The protests quickly morphed into a free-for-all as disgruntled and desperate protesters joined in the widespread looting, physical violence and damage to personal property and crucial business infrastructure including warehouses, transport hubs and oil refineries.
These events cannot be seen outside the context of dire economic hardship and the confounding effects of deep economic inequalities, rampant poverty which has been exacerbated by massive job losses during the coronavirus pandemic. The slow roll-out and absence of relief scheme funds to more than half of those who qualified for it, added salt to the wounds of many whose livelihoods were disrupted by the lockdowns.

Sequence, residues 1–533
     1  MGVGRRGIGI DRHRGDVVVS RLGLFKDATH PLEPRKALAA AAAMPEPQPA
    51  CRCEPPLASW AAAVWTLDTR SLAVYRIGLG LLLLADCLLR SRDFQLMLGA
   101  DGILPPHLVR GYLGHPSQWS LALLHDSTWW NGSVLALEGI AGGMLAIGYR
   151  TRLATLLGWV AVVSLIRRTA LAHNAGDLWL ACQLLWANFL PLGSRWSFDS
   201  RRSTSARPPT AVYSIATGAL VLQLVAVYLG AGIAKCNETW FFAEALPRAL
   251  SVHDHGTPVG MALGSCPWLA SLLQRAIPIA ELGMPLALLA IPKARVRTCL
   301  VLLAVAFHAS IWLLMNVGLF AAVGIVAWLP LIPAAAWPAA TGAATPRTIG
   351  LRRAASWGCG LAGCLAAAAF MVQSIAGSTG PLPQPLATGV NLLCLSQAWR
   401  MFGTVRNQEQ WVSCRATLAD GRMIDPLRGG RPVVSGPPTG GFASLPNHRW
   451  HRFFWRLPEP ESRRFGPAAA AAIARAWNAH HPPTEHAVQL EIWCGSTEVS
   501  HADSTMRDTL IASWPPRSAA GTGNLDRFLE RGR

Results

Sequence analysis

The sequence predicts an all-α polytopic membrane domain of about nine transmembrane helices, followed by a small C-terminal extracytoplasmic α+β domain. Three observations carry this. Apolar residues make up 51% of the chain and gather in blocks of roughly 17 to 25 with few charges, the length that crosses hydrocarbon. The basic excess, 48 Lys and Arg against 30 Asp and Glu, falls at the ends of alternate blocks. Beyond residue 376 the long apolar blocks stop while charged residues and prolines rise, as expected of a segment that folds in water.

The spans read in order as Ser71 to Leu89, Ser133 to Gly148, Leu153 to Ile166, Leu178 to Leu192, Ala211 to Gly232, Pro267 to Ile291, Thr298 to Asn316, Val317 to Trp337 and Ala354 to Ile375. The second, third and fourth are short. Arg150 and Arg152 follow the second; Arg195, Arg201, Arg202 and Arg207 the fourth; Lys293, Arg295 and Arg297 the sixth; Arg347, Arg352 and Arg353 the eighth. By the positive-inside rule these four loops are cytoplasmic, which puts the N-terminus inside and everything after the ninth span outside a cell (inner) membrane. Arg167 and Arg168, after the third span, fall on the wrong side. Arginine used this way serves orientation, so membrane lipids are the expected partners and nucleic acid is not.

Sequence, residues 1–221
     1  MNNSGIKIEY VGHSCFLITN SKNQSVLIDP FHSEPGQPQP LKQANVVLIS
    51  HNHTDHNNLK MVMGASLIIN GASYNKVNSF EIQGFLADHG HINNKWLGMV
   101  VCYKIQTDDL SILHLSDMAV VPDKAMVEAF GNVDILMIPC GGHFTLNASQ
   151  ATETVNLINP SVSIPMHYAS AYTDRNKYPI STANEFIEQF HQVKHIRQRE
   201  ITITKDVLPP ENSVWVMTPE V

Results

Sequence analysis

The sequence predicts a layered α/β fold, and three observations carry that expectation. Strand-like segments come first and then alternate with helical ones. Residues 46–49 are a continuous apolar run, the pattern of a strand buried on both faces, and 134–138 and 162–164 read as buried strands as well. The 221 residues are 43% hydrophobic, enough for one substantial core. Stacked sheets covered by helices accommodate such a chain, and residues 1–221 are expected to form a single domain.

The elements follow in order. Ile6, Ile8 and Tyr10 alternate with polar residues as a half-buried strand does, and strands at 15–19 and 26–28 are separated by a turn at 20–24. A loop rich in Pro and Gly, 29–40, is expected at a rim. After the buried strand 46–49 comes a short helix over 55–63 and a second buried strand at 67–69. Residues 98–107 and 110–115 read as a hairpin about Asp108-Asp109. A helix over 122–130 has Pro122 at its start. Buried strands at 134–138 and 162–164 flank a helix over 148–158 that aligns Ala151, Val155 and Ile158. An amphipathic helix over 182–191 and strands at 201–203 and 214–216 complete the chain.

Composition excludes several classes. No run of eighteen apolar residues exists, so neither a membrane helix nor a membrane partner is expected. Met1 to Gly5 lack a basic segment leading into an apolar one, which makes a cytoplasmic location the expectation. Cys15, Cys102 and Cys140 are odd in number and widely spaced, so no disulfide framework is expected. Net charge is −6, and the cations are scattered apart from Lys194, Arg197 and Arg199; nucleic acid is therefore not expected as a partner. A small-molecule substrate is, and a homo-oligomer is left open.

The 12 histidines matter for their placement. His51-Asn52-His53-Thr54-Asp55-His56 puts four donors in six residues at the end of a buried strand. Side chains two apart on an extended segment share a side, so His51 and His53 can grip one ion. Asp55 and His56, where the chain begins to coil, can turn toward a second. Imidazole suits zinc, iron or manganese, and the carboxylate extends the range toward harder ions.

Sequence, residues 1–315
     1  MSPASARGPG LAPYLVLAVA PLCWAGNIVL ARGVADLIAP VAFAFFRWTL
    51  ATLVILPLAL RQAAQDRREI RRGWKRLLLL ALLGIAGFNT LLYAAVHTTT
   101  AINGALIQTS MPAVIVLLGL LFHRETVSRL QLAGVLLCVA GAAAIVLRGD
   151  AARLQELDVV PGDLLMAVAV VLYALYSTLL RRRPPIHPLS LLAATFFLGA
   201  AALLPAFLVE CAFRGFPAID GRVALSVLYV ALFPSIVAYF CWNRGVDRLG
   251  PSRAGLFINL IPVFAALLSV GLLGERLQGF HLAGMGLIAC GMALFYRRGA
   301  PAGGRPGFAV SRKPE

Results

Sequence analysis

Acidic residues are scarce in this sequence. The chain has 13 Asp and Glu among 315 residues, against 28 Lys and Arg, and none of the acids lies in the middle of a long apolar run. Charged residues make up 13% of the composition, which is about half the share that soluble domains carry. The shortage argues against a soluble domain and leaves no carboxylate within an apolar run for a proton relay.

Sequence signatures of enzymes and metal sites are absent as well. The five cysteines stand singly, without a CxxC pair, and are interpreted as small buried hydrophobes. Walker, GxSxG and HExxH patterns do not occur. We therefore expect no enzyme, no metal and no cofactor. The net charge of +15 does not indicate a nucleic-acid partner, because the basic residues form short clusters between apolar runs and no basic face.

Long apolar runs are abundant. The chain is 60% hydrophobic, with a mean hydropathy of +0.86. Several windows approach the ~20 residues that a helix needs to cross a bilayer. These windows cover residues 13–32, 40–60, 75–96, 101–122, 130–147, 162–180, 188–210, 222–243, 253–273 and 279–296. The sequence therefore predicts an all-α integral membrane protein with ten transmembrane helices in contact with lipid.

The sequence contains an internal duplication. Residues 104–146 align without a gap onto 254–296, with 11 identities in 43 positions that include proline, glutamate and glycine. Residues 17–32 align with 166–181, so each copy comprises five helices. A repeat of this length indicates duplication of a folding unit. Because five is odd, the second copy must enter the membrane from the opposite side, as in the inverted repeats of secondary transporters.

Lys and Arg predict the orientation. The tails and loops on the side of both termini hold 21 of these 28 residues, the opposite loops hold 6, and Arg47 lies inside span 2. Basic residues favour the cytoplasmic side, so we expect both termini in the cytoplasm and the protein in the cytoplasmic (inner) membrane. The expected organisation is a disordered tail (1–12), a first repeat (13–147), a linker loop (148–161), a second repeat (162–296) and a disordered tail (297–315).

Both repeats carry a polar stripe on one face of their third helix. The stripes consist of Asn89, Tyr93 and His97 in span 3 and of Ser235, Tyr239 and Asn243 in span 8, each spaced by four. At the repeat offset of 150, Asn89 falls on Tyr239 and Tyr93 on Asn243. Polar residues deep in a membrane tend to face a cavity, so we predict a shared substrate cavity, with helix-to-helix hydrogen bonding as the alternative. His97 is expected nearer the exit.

The UBI is back on the agenda
In his address to the nation following the unrest, President Ramaphosa announced the reconsideration of a universal basic income (UBI) or the basic income grant (BIG), which the government has been sitting on for almost two decades with very little progress.
Despite countless research studies on financing mechanisms from think tanks and lobbying from non-profit organisations, there has been little consensus on the introduction of a UBI. The last time the proposal was on the table was towards the end of the R350 Covid-19 social relief grants in April this year, when the subcommittee for transformation considered extending the grant rather than implementing BIG.